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At first Shirley Watkins tried to comfort Mumfrey, her imaginary friend, with messages she drew in crayon on pieces of construction paper. “Don’t give up!” she scrawled on one. “I’ll be there soon!” she wrote on another. She pressed them against the window, hoping they would lift his spirits. Once night fell and it began to rain she didn’t think he could even see them anymore. And the terrible noises coming from his crushed body were beginning to scare her. She first met her imaginary friend in 1999, shortly after her mother died of complications due to a routine surgery. At first they didn’t get along very well, Mumfrey and Shirley. Shirley had her way, and Mumfrey his, and it took a while for them to work out their differences. But when her dad re-married, she and her imaginary friend grew very close. Which is why what happened this afternoon has gotten Shirley so, so sad. Shirley and Mumfrey were playing make believe in the backyard, pretending to play explorers of an abandoned Ogre Kingdom, when the accident happened. Mumfrey was on his stomach, peering through a telescope when a thick branch from the big tree snapped and landed on him with a sickening crunch. Alarmed by the commotion, Barbara, her new mom, ran outside with a phone in her hand and began yelling at her, as if she was the one who made the branch fall. “What are you doing! What have you done!” Her new mommy was dragging her by the arm. “Why can’t you just stay inside and play a god damn game.” But Shirley wasn’t paying attention to her. She was craning her neck, staring in shock at Mumfrey. He was in a lot of pain. He was groaning and bright red fluid was foaming around his mouth, like he was in the middle of brushing his teeth with blood. The branch had fallen flush on his back, and snapped it. His legs were twisted under him in grotesque angles that made her tummy feel yucky to look at. He was moaning, lifting one of his arms up, pleading for her to come back for him. “Please, Shirl, please, don’t leave me here, please…” his words faded, lost in a hacking red spray. Shirl wanted to run to Mumfrey, but she was too weak to break free. “Barbara, please, we have to help Mumfrey he’s hurt. He needs our help!” Barbara slapped her in the face. “What have I told you about calling me that. I’m your mother now like it or not. And how do you think your dad will feel if I tell him about your imaginary friend again. Remember last time. Remember the pills?” Barbara dragged her stepdaughter into her room and locked the door. Shirley had a window facing the backyard and ran to it. She tried to lift it, but her parents had installed guards. Mumfrey stared at her messages longingly at first. But eventually, as he came to grips with his slow death, a look of desperation was replaced with indifference -- vacant glazed, glassy. He had begun to groan a long, repetitive, droney sound, like the wail of an air raid siren. She was worried he wasn’t going to make it through the night. Now, Shirley curled up in a ball on her bed, crying real tears for her imaginary friend, the pillow squished against her little ears, hoping, hoping, hoping the noises would stop.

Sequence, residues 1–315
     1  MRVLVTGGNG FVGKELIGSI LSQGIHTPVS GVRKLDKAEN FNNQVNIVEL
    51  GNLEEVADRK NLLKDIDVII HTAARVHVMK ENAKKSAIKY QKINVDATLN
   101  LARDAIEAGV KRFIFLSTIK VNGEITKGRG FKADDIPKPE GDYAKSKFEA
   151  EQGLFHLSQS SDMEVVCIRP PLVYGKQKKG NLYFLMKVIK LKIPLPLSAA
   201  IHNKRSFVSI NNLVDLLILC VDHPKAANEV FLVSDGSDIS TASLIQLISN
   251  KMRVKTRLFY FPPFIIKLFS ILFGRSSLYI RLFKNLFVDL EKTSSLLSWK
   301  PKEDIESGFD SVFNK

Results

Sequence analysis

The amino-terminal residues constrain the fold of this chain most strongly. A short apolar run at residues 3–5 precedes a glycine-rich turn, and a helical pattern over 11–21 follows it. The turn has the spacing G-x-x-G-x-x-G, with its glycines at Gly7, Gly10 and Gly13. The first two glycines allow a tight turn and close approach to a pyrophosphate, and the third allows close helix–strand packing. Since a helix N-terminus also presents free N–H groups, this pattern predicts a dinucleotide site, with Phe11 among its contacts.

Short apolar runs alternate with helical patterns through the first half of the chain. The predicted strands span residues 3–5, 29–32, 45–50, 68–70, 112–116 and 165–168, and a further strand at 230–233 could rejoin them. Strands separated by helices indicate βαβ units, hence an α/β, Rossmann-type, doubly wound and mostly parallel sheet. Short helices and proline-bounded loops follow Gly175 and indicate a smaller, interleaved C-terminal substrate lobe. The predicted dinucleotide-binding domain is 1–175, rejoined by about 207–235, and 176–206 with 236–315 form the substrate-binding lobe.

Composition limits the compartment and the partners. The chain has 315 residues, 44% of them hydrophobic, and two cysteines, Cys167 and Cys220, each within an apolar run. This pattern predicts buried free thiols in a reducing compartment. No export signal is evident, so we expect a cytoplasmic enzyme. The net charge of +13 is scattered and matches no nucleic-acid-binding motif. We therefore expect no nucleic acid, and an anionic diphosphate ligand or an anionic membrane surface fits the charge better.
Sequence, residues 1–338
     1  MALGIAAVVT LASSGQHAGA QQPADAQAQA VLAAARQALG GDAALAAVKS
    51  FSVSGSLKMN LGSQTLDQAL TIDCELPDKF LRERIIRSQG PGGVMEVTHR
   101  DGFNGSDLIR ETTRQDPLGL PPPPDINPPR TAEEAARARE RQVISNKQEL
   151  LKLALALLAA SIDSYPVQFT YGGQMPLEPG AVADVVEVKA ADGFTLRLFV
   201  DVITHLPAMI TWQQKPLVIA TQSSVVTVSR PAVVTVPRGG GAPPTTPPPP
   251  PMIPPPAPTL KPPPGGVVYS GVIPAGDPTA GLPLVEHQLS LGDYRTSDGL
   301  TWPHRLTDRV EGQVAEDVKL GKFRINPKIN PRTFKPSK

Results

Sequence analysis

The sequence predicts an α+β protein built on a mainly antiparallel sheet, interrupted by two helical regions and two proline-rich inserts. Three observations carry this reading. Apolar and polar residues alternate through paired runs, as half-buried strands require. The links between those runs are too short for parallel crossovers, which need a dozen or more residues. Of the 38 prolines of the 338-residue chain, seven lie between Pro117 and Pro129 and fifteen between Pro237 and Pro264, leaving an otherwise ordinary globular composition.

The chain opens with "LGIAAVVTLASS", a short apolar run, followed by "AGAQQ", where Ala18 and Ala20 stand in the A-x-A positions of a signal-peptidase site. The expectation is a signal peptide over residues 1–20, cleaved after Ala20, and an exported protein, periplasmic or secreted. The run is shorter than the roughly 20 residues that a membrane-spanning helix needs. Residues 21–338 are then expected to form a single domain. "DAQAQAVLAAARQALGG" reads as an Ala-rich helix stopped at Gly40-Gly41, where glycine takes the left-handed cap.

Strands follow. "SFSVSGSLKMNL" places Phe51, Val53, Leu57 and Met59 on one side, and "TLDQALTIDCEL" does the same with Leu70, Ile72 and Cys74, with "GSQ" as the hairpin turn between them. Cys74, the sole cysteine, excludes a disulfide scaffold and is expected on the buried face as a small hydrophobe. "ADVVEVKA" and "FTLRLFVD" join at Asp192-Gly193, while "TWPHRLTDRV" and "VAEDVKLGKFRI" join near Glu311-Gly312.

Date Written: June 29, 2005
Author: scoop
Average Vote: 3.875

07/1/2005 Will Disney: Hey this reminds me a little of that Murakami book Hard Boiled Wonderland. Doesn't it to me do that?
07/1/2005 Mr. Pony: A lot of stuff reminds you of that book!
07/1/2005 Will Disney: That's because it's the only book I've read in the last five years!
07/1/2005 Will Disney: Have you read it, Pony? I think you in particular might enjoy it if you know what I mean.
07/1/2005 Will Disney: Because it was written by a Jap I mean.
07/1/2005 qualcomm: i am gladder than ever to have not read that murakami book.
07/1/2005 Kenji X (4): "Like he was in the middle of brushing his teeth with blood," makes me happy. Oh look, a rainbow!
07/1/2005 scoop: Too long, but very "creative."
07/1/2005 TheBuyer (5): A well deserved bash in the face of innocence.
07/1/2005 qualcomm (3):
07/1/2005 Jon Matza (4): Good premise, well-written. A bit overcalculated, perhaps. But I liked it. But it could've used a dose of manic energy. But it was still pretty solid lumpo.
07/2/2005 Klause Muppet (4):
07/5/2005 Litcube (4.5): Huh. I really enjoyed this story. I like how I'm still sort of waiting for some point to it all besides the realization that it's all just a horror story. Scoop, you're twisted.
07/5/2005 Mr. Pony (2.5): I liked this, but I think is incorrect to suggest that it's "creative". I think it's an interesting premise supported by a well-woven web of clichés. To call something "creative" would suggest frantic stabs with the "brush" at the "canvas", or a more pronounced sense of self-importance than is apparent here. That said, I liked this. Did I already say that? It should be noted that this 2.5 is very clearly a revenge vote, not to be taken seriously; hurting me far more than it could ever hurt you, beloved author.
07/5/2005 scoop: But when you are hurt, cherished friend, I am pained in ways that simple words have no ability to communicate. So by hurting yourself you have inadvertently caused me more anguish that could ever be dreamed of with a million of your computer machines.
07/5/2005 Mr. Pony: And knowing that I have hurt you with my pain redoubles my suffering! Is there anything more wondrous or less reasonable (in this place we call the Universe) than a simple feedback loop? And despite these mysteries standing naked in the same room as we, how can concepts like Honor, and Love, and Mayo and Team Sports escape you? How can this be, oh Friend of friends?
07/5/2005 scoop: I don't know about your household, treasured comrade, but in my room the mysteries are sensibly attired in form-fitting tighty-whities.
07/7/2005 mr.coffee (4): wow scoop...posting your own short with a "creative"! Ballsy dude.